Technology is now an indispensable feature of everyday life and its importance is increasing exponentially.
That was already the case pre-pandemic, but it took lockdown to demonstrate just how crucial an asset high-tech communications systems are, with Zoom replacing personal contact and digital technology enabling entrepreneurs to carry on with businesses which, in many cases, would otherwise have failed.
Technology isn’t just a help to business, its development is itself a major industry and this country is at the forefront in technical innovation.
Digital technology is Scotland’s fastest-growing sector for inward investment.”
Scotland is home to 11,200 technology companies employing about 100,000 people.
The sector is growing one and a half times faster than the overall economy and contributes around £7 billion to Scottish GVA (the gross value added measure of economic growth).
It’s a wide-ranging industry, embracing a vast variety of sectors, including data science, cyber security, the key financial services or fintech sector, water and wastewater services and even space technology.
The Scottish Government’s national strategy for economic transformation, published this month, announced the creation of a digital productivity fund to support businesses in implementing new technologies.
FinTech Scotland, the Scottish cluster body, has published an industry-led fintech research and innovation “roadmap” for the expansion of the financial technology sector over the next decade.
It aims to deliver an additional 20,000 fintech-related jobs and to increase, through innovation, the sector’s GVA from £500 million to more than £2bn by 2031.
Last year saw record investment of around £650m in Scottish technology start-ups and scale-up companies, as venture capital investors increasingly back this flourishing sector.
Digital technology is Scotland’s fastest-growing sector for inward investment.
Aberdeen and the north-east are heavily engaged in technology industries.
It is home to the digital technology entrepreneurial community in the north-east, with a wide range of mentors and investors within reach to help promote innovation.
The terrible situation in Ukraine has led to a renewed focus on energy security and will hasten the move to renewables through technology.”
EnergyTech, delivered by One in partnership with Barclays Eagle Labs and CodeBase, is a programme connecting emerging digital tech companies with major players from across the energy industry to drive digital transformation and culture change in the sector.
Fifteen emerging digital technology companies participated in the first 12-month programme, including Aberdeen-based eCERTO.
Hugh Little, my old friend and former colleague at Aberdeen Asset Management and now north-east regional chairman of Par Equity, an investor in growing technology companies including Granite City-based Verlume, recently highlighted a need for culture change.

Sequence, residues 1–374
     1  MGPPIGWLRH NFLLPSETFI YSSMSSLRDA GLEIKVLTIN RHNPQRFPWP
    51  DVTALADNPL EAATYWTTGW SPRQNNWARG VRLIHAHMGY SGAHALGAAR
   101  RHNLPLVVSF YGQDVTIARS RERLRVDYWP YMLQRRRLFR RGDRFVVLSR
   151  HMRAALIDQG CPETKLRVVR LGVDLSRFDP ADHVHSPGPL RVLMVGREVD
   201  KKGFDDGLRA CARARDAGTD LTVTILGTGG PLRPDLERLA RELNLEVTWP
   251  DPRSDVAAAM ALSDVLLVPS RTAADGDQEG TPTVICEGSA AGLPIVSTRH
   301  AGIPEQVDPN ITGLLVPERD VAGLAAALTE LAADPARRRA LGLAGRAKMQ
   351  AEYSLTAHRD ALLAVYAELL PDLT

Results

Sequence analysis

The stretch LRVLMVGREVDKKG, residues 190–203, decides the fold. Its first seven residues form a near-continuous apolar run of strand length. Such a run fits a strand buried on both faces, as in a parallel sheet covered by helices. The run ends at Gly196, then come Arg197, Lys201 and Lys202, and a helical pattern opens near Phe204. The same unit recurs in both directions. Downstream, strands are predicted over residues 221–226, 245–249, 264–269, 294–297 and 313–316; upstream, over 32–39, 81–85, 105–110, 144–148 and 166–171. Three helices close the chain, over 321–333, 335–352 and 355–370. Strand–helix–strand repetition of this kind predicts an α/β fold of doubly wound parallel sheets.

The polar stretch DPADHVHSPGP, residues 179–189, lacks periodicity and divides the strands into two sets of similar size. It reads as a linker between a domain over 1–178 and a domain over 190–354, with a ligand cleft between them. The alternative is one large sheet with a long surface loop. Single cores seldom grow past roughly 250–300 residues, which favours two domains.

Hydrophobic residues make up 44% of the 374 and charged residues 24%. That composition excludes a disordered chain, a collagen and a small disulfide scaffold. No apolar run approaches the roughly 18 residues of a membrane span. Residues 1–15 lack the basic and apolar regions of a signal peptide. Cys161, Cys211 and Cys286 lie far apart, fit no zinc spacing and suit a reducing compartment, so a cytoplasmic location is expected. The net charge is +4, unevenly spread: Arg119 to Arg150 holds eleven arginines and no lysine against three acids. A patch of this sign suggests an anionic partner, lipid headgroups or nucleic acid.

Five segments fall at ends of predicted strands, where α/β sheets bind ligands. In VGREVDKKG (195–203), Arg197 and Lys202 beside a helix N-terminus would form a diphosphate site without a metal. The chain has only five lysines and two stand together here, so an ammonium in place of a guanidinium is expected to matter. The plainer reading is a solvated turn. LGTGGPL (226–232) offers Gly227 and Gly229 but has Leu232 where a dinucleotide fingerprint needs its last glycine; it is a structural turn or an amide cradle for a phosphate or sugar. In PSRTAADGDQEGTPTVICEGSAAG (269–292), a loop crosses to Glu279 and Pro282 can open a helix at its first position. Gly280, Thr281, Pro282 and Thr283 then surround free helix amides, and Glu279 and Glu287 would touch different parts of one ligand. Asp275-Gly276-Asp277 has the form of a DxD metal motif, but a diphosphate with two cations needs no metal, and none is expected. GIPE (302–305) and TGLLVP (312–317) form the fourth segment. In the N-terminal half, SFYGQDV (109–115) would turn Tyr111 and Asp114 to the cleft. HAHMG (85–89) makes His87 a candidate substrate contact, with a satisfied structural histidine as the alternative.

He claimed some energy operators had remained focused on oil and gas for too long, instead of addressing net-zero priorities.
The terrible situation in Ukraine has led to a renewed focus on energy security and will hasten the move to renewables through technology.
Hugh is confident the region will play a key role, saying: “There’s no question Aberdeen ought to be the centre of excellence in all of this.”
The city already has claims to be a leader in many technological fields.
Aberdeen was the first city in the UK to experiment with fibre-to-the-premises and the first to have access to super-fast broadband.
In the digital tech sector, One’s ambition is to grow 10 to 20 of the region’s more than 200 digital companies to a turnover of around £20m and to have international operations by 2028.
These include Solab IT Services, developer of a software platform managing offshore crewing, training and certification, and Intelligent Plant, which uses real-time data to monitor and improve the performance and energy efficiency of equipment and processes.
An important technology-based contribution to energy transition is being made by the Net Zero Technology Centre, formerly OGTC, which I have the privilege of chairing.
It was created five years ago as part of the Aberdeen City Region Deal.
Recognising fossil fuels can play their part in energy transition, the centre focuses on delivering technology to drive emissions reduction, energy systems integration, and deployment of digitisation and automation – the Offshore Energy 4.0 initiative.
Over five years the centre has co-invested £192m with industry, approved more than 300 projects, screened 1,450 technologies and completed 86 field trials.
Exciting challenges include exploring the potential of carbon sequestration, and blue and green hydrogen.
The Aberdeen Hydrogen Hub programme, a partnership between Aberdeen City Council and BP, will catalyse growth of green hydrogen use in the transport sector.
Technology is the key to a prosperous future and the north-east is playing a leading role.
Martin Gilbert is a co-founder and former chief executive of Aberdeen Asset Management.